What are circulatory problems?
Circulatory problems, also known as poor circulation, is the result of the reduced blood flow to certain parts of the body. The circulation system is vital in the delivery of nutrients and oxygen all over the body.
Poor circulation is the result of other underlying health issues, which usually need to be addressed in order to treat the circulation problems themselves.
Among the symptoms of circulatory problems are; numbness, a tingling sensation, muscle cramps, and a stinging or throbbing pain in the limbs. Other symptoms – which are related to the condition which is causing poor circulation – can also be experienced.
What causes circulatory problems?
There are many potential causes of circulatory problems, which can be diagnosed through a variety of physical examinations. The conditions which could be causing poor circulation include blood clots, which are blocking the flow of blood in a certain part of the body; peripheral artery disease (PAD), which causes the narrowing of the arteries and blood vessels; diabetes, which can cause poor blood circulation and cramping; varicose veins, which are enlarged veins caused by the failure of the valve; Raynaud’s disease, which involves the narrowing of the small arteries in the feet and hands; and obesity, as being overweight can lead to conditions such as varicose veins and blood vessel issues.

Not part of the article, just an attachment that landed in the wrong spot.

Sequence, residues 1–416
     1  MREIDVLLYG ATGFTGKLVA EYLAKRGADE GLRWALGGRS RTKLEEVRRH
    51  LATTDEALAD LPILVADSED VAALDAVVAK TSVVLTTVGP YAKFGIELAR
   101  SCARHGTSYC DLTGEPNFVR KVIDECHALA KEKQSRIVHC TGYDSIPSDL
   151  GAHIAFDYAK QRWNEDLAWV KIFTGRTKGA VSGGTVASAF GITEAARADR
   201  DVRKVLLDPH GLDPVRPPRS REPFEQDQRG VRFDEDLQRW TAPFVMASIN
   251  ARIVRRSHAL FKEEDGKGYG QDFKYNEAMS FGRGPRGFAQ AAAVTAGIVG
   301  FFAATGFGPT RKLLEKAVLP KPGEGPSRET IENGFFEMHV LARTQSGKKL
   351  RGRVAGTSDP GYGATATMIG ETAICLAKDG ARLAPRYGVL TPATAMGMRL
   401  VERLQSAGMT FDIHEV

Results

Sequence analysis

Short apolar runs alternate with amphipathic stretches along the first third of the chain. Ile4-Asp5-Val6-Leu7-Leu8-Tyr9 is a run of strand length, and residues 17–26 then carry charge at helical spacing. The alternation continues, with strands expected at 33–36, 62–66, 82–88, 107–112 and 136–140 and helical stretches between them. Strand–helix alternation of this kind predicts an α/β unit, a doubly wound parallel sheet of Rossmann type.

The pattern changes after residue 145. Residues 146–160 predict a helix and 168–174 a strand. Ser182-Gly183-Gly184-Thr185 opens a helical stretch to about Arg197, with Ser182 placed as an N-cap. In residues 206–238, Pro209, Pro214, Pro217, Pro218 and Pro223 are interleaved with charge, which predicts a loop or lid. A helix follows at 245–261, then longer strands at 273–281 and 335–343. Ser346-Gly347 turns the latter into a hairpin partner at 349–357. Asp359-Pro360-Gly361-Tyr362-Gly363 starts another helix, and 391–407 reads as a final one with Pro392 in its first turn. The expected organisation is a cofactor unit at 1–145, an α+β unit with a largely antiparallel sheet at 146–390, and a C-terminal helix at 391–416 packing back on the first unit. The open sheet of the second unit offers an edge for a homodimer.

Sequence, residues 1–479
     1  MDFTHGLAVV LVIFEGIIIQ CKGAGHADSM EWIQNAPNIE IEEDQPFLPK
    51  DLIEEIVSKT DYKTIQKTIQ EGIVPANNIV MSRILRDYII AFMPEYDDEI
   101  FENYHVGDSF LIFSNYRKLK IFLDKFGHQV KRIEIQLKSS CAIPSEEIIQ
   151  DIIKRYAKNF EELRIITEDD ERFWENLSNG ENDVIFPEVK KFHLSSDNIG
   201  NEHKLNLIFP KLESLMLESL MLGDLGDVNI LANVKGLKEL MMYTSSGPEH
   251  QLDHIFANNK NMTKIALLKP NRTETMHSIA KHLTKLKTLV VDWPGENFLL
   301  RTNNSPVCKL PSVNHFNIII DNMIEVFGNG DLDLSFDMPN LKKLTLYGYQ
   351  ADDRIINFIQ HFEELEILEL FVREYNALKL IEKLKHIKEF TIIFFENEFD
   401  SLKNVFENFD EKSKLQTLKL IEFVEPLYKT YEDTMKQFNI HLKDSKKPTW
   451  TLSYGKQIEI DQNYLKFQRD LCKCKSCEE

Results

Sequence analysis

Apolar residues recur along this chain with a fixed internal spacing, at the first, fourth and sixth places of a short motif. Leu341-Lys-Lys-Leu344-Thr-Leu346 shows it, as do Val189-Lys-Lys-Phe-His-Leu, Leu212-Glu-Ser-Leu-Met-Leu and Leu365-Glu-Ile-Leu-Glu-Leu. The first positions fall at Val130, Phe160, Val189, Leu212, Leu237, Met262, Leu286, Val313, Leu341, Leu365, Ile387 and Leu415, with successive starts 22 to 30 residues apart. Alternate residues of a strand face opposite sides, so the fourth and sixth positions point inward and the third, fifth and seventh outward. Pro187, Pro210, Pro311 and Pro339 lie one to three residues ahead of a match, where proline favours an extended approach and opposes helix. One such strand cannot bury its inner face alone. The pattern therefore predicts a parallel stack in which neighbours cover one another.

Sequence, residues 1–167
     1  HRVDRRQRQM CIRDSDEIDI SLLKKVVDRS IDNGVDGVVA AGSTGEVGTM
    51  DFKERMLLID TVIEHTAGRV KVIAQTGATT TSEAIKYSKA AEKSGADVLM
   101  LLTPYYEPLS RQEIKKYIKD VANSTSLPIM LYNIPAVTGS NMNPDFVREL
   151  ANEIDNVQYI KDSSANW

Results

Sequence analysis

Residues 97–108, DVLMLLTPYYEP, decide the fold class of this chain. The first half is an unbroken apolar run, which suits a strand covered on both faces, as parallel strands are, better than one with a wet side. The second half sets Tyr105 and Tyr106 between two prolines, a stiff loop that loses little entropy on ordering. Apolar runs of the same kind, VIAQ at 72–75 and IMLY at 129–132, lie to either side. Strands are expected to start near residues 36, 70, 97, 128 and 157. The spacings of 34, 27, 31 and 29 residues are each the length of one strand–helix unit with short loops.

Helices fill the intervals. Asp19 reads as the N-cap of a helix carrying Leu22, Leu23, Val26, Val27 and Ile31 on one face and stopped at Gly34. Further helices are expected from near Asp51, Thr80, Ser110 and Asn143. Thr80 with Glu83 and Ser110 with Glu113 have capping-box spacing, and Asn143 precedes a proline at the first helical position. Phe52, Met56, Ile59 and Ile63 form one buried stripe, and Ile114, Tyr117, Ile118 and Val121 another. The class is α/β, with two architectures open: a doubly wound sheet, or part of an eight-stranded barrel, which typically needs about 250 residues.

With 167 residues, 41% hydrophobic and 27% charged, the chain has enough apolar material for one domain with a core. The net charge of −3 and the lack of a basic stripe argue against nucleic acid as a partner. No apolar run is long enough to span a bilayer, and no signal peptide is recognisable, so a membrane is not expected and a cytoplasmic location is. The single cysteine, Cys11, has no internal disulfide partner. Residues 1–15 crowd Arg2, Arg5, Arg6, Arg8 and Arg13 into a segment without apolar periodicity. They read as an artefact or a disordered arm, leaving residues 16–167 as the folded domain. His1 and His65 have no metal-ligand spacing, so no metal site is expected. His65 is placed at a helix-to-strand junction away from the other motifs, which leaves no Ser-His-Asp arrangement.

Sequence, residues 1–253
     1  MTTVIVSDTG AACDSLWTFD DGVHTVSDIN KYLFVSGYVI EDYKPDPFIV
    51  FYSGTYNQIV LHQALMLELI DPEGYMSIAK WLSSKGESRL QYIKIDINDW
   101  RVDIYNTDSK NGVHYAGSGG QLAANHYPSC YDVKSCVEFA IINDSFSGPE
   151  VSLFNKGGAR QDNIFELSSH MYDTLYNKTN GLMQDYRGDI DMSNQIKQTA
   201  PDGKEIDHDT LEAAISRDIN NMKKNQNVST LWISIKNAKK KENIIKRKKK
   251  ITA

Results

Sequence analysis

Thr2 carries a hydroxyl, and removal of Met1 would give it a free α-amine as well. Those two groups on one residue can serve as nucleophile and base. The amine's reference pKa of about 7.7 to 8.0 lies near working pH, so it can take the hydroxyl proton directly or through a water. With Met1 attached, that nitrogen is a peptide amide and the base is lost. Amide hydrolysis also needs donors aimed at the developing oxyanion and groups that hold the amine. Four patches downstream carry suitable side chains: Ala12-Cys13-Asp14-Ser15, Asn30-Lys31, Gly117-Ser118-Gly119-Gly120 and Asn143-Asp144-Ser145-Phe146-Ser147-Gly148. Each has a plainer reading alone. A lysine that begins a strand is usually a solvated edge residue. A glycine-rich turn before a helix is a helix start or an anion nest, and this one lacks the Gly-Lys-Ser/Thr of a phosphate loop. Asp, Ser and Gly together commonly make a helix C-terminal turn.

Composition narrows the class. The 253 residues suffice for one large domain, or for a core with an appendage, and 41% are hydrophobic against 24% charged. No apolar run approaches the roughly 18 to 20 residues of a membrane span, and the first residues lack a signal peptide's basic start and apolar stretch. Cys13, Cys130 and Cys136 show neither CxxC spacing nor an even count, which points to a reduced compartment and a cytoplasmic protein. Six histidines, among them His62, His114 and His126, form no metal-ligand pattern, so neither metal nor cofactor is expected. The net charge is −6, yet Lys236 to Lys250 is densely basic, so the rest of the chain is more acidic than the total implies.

Osteopathic treatment can help to address structural or muscular impediments which may be affecting the circulation of the blood. The precise techniques which are applied by an osteopath can be focused on relieving muscle tension caused by a condition or injury, allowing the body to return to a more normal degree of functionality.
There are many physical exercises which can be recommended and demonstrated by a physiotherapist in order to treat poor circulation. From push-ups to ankle pumps, and even boxing actions, there is a range of movements which can improve the circulation of the blood. Stretching exercises can achieve improved blood circulation by pulling on the muscles and connective tissues, and in tandem with breathing, can create fluid homeostasis (that is, the optimum balance of fluid concentration in the body).